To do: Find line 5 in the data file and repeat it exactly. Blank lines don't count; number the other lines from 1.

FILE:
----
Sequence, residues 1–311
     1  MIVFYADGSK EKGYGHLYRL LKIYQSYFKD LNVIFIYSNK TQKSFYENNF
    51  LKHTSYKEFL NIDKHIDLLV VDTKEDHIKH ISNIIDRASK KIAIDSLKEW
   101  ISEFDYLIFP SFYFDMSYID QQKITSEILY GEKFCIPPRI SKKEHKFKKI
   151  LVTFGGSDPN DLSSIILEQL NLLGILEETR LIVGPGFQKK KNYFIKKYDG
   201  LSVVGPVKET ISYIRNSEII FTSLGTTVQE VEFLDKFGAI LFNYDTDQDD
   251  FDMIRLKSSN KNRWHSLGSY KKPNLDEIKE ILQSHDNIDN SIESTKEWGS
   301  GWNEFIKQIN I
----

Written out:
   151  LVTFGGSDPN DLSSIILEQL NLLGILEETR LIVGPGFQKK KNYFIKKYDG